The 8th amendment was added to the Irish constitution in 1983, giving the unborn equal rights to life of those of the mother, making abortion illegal. From that moment on, some campaigners never stopped fighting. These include activist Ailbhe Smyth, who invites the camera crew into her home to show them a large glass award in the shape of a G, “for being a good gay, basically”, and framed photos of daughter, Lydia, and granddaughter, Martha. “I was really always fighting with Lydia in mind and now I’m fighting with Martha in mind,” she says, eyes trained on the Ireland they will inherit.
With an apparent ease that belies hours of careful story-thread blending, filmmakers Lucy Kennedy, Aideen Kane, and Maeve O'Boyle knit together the personal with the political, following Smyth onto the streets where a seething mass of polarised passions manifests in marches by both sides. The filmmakers interview an impressive cross-section of people, feeding in archival newspaper, radio and television snippets that serve as a timeline of key events from 1983 to 2018. Due emphasis is placed on the position of religious authorities. In 1992’s The X Case, a suicidal 14-year-old, pregnant with her rapist’s baby, led to a judgement that abortion could be granted in such extreme cases. The reaction of Father Michael Clearly was to warn that now: “Every girl can say she’s suicidal. Every girl can say she’s been raped.” Throughout, men hold court on what women should do with their bodies with a chilling conviction that makes saints out of the campaigners pushing back on them.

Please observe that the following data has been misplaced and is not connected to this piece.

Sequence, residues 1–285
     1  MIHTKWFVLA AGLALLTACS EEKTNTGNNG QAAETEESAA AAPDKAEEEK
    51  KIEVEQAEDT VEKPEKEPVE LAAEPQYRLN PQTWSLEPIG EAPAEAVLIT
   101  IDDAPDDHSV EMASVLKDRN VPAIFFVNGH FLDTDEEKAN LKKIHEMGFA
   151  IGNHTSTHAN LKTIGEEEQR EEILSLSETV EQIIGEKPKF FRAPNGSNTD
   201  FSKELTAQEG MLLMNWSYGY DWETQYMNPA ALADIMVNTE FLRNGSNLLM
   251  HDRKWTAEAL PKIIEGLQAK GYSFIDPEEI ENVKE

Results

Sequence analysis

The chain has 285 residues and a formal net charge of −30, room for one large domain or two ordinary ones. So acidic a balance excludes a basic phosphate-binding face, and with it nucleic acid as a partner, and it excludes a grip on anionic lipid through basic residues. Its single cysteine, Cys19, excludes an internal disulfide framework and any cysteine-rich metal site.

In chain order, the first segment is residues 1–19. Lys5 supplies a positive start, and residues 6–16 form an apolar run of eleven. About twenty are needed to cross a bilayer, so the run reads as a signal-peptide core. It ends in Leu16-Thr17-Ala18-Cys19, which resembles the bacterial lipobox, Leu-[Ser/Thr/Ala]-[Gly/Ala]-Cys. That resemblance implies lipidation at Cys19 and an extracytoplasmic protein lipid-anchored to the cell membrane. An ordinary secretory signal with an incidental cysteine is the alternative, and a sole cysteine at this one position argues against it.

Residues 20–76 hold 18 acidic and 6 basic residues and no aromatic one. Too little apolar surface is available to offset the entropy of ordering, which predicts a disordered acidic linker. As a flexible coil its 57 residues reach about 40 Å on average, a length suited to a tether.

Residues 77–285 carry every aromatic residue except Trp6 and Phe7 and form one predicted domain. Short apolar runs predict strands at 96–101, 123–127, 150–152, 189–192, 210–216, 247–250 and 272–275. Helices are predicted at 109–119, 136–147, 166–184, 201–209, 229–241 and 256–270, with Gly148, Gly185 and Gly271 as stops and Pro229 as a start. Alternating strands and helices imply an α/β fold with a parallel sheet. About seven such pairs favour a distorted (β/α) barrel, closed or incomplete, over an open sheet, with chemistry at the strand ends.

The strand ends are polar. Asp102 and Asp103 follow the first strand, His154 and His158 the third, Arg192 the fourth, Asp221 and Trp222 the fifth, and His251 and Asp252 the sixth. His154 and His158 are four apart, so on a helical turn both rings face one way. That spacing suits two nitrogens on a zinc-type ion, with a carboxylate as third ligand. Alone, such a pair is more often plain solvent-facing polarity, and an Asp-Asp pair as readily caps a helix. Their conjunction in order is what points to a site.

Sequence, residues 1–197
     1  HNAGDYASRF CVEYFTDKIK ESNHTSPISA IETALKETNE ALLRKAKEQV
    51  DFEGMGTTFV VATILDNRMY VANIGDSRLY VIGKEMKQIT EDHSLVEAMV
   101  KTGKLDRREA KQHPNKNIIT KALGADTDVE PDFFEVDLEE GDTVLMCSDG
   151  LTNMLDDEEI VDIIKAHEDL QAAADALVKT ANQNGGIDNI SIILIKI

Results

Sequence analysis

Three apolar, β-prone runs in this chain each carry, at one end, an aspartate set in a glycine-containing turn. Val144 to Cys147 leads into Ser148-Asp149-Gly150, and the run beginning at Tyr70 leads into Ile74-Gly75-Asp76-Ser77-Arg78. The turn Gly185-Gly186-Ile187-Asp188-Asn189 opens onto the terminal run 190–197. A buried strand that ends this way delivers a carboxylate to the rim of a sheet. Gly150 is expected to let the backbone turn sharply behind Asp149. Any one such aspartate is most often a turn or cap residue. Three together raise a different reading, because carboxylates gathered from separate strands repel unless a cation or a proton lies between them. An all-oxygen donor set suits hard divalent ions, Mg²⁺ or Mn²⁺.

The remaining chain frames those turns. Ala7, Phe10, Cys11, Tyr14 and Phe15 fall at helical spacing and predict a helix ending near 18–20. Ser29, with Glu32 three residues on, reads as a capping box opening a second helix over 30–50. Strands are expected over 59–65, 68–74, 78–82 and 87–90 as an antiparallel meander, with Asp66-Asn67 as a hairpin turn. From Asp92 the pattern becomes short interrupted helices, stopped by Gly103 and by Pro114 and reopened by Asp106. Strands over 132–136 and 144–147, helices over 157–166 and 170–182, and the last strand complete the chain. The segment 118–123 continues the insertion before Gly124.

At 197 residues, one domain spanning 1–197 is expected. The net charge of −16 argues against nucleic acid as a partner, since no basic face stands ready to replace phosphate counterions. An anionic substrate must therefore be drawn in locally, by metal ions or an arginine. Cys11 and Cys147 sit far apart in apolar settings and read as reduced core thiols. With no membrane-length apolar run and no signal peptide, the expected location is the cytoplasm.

Kennedy, Kane, and O’Boyle have made a documentary alive with the raw energy of protest, marshalled by a strategic focus. Emotional undercurrents sometimes surge into an overwhelmingly moving expression of mass solidarity. The political stakes of 25 May 2018 are well-established so that when the result is finally called you feel it in that site of struggle: the body.